Global Disparity and the Convergence Theory
As my last post "Can Nigeria Outstrip Italy and Canada?" (2/7/2011) raise discussions and debate across boards, I try in this post to put forward responses to the many ongoing but underground discussions that the article generated. While most of the reaction (especially by Nigerians) to the question under discussion tilted towards the negative gradient (meaning that Nigeria outstripping Italy and Canada in economic term is not possible), many others hold the resolve that it can happen, Nigeria can outstrip Italy and Canada. The pessimist have valid points to justify their stand based on the obvious economic doldrums that Nigeria is at the moment - climaxed on the Boko Haram issues, the optimist have their justifications too albeit divided into two categories. Some Nigerians are "religiously" optimistic for a better tomorrow while others take a more tacit approach to their resolve that Nigeria will be better. I belong to the positive religious tacit optimist of Nigerians who seem to apply strong spiritual and academic understandings without necessarily doing that in a show-off manner. Not that the obvious is not imminent: that Nigeria is a country stacked between abundance and poverty, its just that I and many other optimistic Africans believe that once we get the leadership crisis resolved (i.e. the right mix), we can make radical progress. We can not, however, isolate the overarching power of a divine God in achieving the progress that we so dream of (see my previous posts here)
Yes, if we Nigerians do away with CORUPTION! It's in habit of all. We need God's divine visitation. God bless Nigeria with listening and God fearing leaders and follower. (Oyeniyi Ayodeji Oyedotun)
Global Disparity| Looking beyond Africa (Nigeria), we see a global disparity that has taken shape in the last three decades. Many countries that were thought to be economically advanced and "stable" have witnessed huge economic crisis that has shake their policies to the roots. Its interesting what is happening globally today. Although coming at the cost of war and conflicts, many African countries (and other developing and emerging economies) are consolidating their democracies and putting in place many policies and reforms that will entrench sustainable growth and development. Contrary to what is happening in Africa, the recent downgrading of America's Investment Rating from AAA to AA+ for the first time since 1941 by the Standards & Poor's should paint a better picture of the direction in which growth in take in the global space in subsequent decades to come. It is important to also mention that the recent upheaval against Wall Street (Occupy Wall Street) shows that times are truly changing a phenomenon some call response to "Corporate Greed". These developments fits neatly with the struggle to recover from deficits in many European countries leading to many European government budget cuts and resulting in the worst ever protest and street rioting all of which should make us understand that there is tendency for multinationals to begin to look into Africa for business purposes. In fact countries like UK and USA that have delayed their moves to spread their businesses to Africa are already beginning to reap the brunt of their inactions. Lets take a vivid look at the disparity in a chat I present below.
In 2007, real GDP growth rates for emerging/developing economy was 8.7% when compared with 2.6% for advanced economies. Despite the fact that both regions’ growth rate declined, it remained at 6.5% and 2.3% for emerging and developing economies and advanced countries respectively in 2011. The disparity lingers on to the present since it started from the year 2000.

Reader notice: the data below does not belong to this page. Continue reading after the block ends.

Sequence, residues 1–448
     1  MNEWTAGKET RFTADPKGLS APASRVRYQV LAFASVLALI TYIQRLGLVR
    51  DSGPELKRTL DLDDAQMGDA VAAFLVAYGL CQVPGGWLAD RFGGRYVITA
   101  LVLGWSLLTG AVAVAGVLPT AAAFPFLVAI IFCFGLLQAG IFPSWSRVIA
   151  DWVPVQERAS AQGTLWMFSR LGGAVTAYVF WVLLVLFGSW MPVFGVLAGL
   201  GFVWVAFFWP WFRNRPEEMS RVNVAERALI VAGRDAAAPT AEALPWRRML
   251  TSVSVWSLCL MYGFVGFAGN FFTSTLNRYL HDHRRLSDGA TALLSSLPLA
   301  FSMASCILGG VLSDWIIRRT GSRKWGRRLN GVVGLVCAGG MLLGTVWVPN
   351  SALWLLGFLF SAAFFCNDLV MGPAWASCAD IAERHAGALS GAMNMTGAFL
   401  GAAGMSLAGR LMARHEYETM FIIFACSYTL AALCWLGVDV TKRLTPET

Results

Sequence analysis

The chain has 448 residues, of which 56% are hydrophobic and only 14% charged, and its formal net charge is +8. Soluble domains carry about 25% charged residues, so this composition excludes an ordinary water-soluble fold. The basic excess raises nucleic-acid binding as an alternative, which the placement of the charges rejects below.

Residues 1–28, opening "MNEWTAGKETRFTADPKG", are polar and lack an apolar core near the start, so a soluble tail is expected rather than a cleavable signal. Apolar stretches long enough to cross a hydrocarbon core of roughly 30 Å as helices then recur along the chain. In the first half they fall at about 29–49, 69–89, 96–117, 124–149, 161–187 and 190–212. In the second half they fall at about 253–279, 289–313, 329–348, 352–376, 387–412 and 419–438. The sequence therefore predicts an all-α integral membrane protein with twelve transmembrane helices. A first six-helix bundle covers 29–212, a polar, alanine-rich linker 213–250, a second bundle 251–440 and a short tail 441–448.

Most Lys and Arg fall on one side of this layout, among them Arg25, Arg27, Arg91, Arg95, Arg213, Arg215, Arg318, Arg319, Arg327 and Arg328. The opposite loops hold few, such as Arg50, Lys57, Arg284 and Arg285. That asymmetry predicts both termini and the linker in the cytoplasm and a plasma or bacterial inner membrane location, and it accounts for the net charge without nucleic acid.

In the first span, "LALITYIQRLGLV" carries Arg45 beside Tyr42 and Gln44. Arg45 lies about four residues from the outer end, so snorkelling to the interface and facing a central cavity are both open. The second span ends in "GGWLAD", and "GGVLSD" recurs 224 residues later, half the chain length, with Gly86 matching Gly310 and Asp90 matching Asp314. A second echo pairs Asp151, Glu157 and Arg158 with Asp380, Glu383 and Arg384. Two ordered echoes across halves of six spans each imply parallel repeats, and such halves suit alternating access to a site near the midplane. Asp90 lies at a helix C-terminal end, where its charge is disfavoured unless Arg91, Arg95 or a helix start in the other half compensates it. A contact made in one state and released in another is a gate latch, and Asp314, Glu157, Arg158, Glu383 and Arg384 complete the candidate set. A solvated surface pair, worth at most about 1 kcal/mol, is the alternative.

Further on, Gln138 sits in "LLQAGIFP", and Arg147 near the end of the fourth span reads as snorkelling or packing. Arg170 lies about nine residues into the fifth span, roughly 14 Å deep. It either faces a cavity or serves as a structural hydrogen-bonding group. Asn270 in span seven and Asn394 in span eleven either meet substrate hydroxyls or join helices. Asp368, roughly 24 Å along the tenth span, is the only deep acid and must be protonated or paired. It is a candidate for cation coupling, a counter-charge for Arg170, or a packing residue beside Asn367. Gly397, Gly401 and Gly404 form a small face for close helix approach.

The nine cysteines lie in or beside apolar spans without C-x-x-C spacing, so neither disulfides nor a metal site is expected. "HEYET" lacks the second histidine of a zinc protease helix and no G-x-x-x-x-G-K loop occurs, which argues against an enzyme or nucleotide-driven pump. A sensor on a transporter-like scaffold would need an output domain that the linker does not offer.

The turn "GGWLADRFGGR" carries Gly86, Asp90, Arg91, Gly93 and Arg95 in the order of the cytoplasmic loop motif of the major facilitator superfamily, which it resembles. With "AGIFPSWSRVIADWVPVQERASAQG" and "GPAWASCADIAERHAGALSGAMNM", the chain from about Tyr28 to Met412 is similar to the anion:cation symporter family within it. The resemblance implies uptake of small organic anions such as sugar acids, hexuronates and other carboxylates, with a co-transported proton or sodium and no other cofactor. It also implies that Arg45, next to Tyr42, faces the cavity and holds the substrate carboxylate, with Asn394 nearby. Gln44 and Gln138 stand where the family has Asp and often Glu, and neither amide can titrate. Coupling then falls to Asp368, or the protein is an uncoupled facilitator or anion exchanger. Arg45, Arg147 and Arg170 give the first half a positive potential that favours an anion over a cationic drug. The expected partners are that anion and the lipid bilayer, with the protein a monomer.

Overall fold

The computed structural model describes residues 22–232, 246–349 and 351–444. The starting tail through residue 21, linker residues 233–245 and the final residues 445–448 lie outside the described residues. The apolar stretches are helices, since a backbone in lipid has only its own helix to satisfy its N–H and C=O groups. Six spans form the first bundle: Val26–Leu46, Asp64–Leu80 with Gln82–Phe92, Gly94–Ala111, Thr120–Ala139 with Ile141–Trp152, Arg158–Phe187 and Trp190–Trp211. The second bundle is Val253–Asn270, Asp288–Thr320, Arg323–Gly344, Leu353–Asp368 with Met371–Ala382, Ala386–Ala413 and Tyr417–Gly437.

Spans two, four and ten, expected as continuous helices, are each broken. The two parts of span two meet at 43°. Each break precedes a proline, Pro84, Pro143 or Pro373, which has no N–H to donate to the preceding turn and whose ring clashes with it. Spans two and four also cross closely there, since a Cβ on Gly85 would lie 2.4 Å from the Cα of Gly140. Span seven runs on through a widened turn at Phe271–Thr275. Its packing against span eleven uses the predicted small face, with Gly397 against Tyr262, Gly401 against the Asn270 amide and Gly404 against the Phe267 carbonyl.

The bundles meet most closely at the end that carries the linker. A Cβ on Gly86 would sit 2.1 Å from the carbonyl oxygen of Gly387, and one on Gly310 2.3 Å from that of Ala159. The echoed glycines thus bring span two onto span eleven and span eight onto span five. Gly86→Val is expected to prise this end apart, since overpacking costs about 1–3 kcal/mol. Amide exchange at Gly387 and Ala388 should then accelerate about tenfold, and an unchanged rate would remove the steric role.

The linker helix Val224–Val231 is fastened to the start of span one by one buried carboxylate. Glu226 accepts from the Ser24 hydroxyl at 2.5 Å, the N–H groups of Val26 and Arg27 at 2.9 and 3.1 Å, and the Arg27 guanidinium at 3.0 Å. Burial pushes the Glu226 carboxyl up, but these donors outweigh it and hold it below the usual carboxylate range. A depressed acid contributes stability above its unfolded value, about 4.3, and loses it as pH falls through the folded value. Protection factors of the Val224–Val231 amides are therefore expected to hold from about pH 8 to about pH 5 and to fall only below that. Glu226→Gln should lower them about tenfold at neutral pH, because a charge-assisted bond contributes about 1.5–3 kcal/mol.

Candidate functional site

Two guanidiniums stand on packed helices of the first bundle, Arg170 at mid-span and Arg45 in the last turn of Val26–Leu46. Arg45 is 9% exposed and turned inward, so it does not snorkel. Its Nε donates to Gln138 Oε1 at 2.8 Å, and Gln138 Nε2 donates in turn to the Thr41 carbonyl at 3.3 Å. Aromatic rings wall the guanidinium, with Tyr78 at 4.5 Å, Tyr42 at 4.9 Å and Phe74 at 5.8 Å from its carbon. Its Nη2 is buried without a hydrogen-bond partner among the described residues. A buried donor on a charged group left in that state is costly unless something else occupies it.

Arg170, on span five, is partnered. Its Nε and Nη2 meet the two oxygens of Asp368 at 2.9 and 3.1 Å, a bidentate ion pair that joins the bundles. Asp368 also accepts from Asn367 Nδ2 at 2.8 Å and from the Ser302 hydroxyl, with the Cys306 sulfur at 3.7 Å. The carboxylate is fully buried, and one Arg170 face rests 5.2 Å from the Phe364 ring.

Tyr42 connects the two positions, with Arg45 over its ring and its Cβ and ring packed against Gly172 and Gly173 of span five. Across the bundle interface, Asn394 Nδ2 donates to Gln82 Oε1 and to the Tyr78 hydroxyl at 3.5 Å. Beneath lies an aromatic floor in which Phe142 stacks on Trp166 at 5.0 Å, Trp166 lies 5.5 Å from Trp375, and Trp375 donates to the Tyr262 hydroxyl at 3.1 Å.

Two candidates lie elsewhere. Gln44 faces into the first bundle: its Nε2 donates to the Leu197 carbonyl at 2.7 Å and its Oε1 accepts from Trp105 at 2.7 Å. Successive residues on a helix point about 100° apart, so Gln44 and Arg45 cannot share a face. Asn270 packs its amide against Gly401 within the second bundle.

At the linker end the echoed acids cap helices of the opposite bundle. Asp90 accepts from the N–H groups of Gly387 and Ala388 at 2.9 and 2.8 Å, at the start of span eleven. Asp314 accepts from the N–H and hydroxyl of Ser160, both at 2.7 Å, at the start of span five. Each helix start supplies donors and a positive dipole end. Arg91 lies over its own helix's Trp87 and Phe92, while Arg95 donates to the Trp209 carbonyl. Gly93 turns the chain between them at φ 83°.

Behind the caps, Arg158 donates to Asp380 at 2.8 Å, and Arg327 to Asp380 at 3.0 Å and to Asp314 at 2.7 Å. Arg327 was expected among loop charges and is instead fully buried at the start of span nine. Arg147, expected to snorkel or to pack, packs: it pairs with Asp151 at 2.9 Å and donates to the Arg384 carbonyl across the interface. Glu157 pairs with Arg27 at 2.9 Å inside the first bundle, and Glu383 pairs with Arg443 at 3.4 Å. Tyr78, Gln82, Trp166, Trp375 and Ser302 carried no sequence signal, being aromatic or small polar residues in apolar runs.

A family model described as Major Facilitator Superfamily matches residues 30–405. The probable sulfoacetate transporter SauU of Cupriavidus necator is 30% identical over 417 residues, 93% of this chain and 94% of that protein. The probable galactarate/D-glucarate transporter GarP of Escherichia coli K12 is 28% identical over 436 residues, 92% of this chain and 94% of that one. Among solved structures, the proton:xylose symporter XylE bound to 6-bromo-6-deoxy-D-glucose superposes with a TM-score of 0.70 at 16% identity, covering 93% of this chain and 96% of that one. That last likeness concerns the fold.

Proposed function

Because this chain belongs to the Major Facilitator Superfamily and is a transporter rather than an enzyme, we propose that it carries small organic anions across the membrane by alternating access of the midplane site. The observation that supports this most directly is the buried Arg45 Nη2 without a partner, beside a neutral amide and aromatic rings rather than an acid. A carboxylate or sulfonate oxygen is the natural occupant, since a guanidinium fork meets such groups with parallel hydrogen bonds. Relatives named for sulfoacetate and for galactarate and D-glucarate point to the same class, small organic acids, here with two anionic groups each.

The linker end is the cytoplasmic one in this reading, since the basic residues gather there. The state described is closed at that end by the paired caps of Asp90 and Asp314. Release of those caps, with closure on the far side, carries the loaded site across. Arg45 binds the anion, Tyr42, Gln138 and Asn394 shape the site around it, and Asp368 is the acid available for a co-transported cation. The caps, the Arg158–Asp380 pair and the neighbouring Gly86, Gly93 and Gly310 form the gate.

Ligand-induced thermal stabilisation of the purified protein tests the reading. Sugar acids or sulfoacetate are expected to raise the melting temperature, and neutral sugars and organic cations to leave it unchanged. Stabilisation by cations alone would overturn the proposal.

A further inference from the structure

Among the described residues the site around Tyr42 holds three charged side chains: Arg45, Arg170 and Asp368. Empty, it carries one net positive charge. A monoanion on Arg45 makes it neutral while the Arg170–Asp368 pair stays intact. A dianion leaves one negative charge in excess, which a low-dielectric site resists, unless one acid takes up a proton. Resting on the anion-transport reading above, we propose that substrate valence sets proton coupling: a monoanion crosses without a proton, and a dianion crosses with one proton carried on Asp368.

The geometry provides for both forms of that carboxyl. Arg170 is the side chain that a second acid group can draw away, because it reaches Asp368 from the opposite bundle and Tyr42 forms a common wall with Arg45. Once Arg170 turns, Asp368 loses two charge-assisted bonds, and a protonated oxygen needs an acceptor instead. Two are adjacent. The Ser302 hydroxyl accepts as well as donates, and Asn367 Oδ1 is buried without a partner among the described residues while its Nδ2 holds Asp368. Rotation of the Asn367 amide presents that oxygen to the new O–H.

Another way the global disparity is seen is the case where certain countries such as Nigeria which are endowed with high population are coming higher up the matrix when interpolated nominal GDP. This is illustrated below.
The Convergence Theory | We can use the convergence theory to partly justify the stand that Nigeria can outstrip Canada and Italy. Its a simple economic theory that combines some aspects of endogenous and exogenous growth theories. The idea of convergence in economics (also sometimes known as the catch-up effect) is the hypothesis that poorer economies' per capita incomes will tend to grow at faster rates than richer economies which will be witnessing what Robert Solow called "steady state". Consequently, what we now see will be a resultant: both emerging/developing economies (BRICS+N-11 Nigeria inlcusive) and the advanced economies should eventually converge in terms of per capita income. Developing countries have the potential to grow at a faster rate than developed countries because diminishing returns (in particular, to reproducible capital) are not as strong as in capital rich countries. Furthermore, poorer countries can replicate production methodologies, technologies and institutions currently used in developed countries making them achieve quicker growth rate within a short time.
The essentially of good operational environment is inevitable as we call for peace across the African continent. A social externality cost is incurred and recipe for disaster guaranteed when young people lack skills that can lead to gainful employment due to poor education funding especially in highly populated countries. Hence we call for more funding for education. Needless to say that funding education will lead to production of entrepreneurs who will ultimately stimulate wealth and income creation and a further growth in agricultural and service sector will ensue due to persistent technical progress.
My answer to the question remains a yes, Nigeria can!